Ring the bells! The government actually managed to convict someone of ripping off those of us who, willingly or otherwise, entrust our financial futures to the markets.
A federal jury on Wednesday found hedge fund manager Raj Rajaratnam guilty of all 14 counts of conspiracy and fraud, after he scored $64 million in a long-running insider trading scam.
Rajaratnam, 53, now faces 20 years in prison. Here’s hoping they throw away the key.
Because the decision hands the government a high-profile victory in what has been, let’s face it, a rarely joined, often humiliating battle with the Wall Street creeps who nearly blew up the world and more than lived to tell the tale.
Since the Dick Fulds and Joseph Cassanos of the world brought the financial world to the edge of the abyss in 2008, the feds had managed to bring just one high-profile case: a fraud-and-insider prosecution of two Bear Stearns hedge fund managers who were, let’s say, less than forthcoming with their investors as they drove their subprime funds into the ground.
The government lost that one in ignominious fashion, with the jury returning an innocent verdict in all of two days. That setback, and the government’s failure to even bring cases against a whole cast of other obvious miscreants, seems to have emboldened other wrongdoers, as if they needed any prompting.
When Rajaratnam was indicted in 2009, he defiantly declared his innocence. His Galleon hedge fund, with $7 billion in funds under management, was considered the smart money in tech and health care investing.
We now know why, of course. Rajaratnam and his confederates were using insider information to bet on sure things — buying stocks that would rise after news they gleaned from boardrooms and other nonpublic sources, selling those that were about to take a big hit.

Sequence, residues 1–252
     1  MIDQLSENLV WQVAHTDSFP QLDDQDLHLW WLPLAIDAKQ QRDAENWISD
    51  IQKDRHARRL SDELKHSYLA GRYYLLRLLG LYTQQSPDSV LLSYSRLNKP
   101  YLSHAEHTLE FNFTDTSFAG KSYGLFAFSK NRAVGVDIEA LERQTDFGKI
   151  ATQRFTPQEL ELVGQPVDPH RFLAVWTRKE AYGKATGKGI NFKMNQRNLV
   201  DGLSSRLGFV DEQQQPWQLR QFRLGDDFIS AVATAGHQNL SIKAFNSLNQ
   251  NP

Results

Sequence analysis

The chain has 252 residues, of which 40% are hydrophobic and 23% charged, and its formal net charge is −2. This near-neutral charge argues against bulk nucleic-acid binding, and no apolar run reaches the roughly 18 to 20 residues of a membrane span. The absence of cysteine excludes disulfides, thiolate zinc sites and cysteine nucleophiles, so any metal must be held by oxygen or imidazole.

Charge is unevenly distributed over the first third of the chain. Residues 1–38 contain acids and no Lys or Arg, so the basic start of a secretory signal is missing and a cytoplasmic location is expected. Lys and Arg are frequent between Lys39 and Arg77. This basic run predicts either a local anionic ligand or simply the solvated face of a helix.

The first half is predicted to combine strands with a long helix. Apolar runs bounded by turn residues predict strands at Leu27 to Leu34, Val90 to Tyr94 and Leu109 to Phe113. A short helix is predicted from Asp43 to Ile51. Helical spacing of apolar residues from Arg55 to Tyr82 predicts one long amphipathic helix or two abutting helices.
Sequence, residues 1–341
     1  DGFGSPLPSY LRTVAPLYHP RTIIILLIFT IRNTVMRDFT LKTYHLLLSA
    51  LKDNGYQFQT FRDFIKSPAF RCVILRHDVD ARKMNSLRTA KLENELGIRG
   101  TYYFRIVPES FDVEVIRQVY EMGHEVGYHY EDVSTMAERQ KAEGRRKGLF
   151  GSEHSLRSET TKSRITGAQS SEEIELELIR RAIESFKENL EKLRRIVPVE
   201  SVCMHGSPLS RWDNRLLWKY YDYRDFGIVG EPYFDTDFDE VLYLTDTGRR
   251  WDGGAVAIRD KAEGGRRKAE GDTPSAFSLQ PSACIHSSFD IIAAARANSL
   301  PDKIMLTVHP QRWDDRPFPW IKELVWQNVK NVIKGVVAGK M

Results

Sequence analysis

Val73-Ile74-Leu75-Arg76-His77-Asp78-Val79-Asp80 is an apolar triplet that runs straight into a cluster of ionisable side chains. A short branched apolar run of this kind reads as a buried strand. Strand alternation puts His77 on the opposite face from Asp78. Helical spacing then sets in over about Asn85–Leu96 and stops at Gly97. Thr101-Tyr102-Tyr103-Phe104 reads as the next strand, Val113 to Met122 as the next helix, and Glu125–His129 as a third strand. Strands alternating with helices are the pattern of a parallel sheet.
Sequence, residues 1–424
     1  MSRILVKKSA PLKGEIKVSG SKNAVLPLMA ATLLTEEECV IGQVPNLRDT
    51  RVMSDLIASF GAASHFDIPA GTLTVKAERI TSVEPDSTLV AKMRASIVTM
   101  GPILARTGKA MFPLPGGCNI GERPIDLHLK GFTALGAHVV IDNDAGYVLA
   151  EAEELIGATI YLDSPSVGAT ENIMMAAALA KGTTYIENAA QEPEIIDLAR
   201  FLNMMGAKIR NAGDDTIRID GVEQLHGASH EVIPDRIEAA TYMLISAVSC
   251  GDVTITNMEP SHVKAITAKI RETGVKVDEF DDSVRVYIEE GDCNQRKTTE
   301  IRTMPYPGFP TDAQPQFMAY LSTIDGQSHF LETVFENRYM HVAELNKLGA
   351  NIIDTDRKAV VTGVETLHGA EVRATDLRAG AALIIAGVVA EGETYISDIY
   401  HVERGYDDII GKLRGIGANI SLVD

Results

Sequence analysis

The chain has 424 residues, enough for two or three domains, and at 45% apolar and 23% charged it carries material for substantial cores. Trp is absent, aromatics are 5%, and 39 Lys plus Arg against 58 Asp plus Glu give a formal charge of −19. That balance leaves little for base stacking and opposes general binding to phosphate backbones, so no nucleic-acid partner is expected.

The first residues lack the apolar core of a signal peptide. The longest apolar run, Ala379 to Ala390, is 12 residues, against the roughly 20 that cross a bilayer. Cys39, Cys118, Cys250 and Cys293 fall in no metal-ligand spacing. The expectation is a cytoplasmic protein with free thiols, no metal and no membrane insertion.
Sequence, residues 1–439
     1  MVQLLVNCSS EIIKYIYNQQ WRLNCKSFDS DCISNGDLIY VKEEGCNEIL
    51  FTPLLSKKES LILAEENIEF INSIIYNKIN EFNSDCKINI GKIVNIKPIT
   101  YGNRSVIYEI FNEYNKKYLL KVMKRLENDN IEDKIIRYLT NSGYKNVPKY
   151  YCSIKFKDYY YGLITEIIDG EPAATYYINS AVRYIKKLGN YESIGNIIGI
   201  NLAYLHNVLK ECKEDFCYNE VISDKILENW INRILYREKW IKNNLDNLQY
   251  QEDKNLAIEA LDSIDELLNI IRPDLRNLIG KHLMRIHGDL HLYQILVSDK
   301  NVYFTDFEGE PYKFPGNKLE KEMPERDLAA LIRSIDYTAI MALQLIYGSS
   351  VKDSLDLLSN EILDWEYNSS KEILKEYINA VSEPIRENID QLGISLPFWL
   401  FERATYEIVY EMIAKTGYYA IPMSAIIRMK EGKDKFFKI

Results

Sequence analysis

Rajaratnam’s defense team argued, absurdly, that the calls Rajaratnam took from a board member at Goldman Sachs GS and Procter & Gamble pg shortly after meetings ended there weren’t a sign of insider trading. No, they claimed, Rajaratnam et al. were simply assembling what you might call a melange — perhaps a pastiche? — of public data that anyone motivated enough could put together.
In contrast to the Bear Stearns case, the jury this time found the good sense to see through this.
“In a case where there are so many different counts, where those counts were so hotly contested, and where there was such a long trial, to see him found guilty on all 14 counts shows that the jury was totally convinced by the government’s arguments,” says Jonathan New, a white collar defense attorney at Baker Hostetler who worked as a prosecutor.
So yes, Dick and Angelo and all those cool guys are still on the loose, and this case is not going to put any of them where they belong. But Wednesday’s verdict is good news for those of us whose retirements depend in part on preventing securities markets from getting milked by greedy, nihilistic jerks like Rajaratnam. Let’s hope his conviction isn’t the end of that story.